GREENSBORO, N.C. — The way pets are cared for is continuously changing. We now have things like pet insurance, doggy daycare, pupcakes and even pet hospice.
Blue Pearl Specialty + Emergency Hospital has expanded this type of palliative care across the nation and hopes to transform the way we say goodbye to our furry loved ones.
Most families that chose to do pet hospice have a dog or cat that is given a terminal diagnosis or a disease that can significantly impact their quality of life.
Here's how it works... A veterinarian is assigned to you. They come to your home and put a plan in place to help your pet live out their final days or months in the most comfortable and peaceful way possible.
As those days continue on, you have access to a nurse 7 days a week. On their final day, you have the option to do in-home euthanasia.
Audra Pompeani, veterinarian, said more people are shifting away from the 'old way' of saying goodbye to their pets. She said less pet owners want to drop of their dogs or cats at the vet and let them take care of it.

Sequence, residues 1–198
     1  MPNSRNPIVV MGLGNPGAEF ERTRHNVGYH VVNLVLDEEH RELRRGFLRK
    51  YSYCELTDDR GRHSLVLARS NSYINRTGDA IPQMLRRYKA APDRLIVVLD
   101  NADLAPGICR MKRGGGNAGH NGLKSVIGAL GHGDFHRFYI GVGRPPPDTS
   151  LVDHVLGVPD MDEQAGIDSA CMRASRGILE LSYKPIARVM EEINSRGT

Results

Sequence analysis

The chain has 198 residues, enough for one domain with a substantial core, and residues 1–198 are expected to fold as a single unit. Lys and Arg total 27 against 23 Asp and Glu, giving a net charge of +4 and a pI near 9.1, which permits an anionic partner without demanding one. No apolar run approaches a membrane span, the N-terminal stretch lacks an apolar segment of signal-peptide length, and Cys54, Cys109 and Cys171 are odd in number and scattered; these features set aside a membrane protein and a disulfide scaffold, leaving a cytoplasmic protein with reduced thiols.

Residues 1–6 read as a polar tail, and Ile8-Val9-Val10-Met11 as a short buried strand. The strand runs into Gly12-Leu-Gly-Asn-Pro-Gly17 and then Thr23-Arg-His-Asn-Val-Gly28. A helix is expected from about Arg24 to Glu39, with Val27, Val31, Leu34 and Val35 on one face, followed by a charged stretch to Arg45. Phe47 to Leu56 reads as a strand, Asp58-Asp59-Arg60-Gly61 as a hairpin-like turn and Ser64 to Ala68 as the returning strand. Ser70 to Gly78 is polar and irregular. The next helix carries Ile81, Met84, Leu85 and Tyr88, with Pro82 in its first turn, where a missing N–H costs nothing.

"They sleep in the bed with us at night and some people's pets eat at the table with them at dinner like that's not our relationship anymore :49 and we have pets because they enrich our lives and we want to give that back to them right," Pompeani said.
Pet hospice also puts an emphasis on supporting the families during this time. If you're a pet owner, you now how difficult losing a pet can be.
"We want their passing to be dignified. We want the end of their life to be as peaceful and as happy for them for the rest of their life was," Pompeani said.
Pet hospice is happening in part due to Congress passing the Veterinary Medicine Mobility Act of 2014 which allows vets to take controlled substances out of their offices and provide services at people's homes.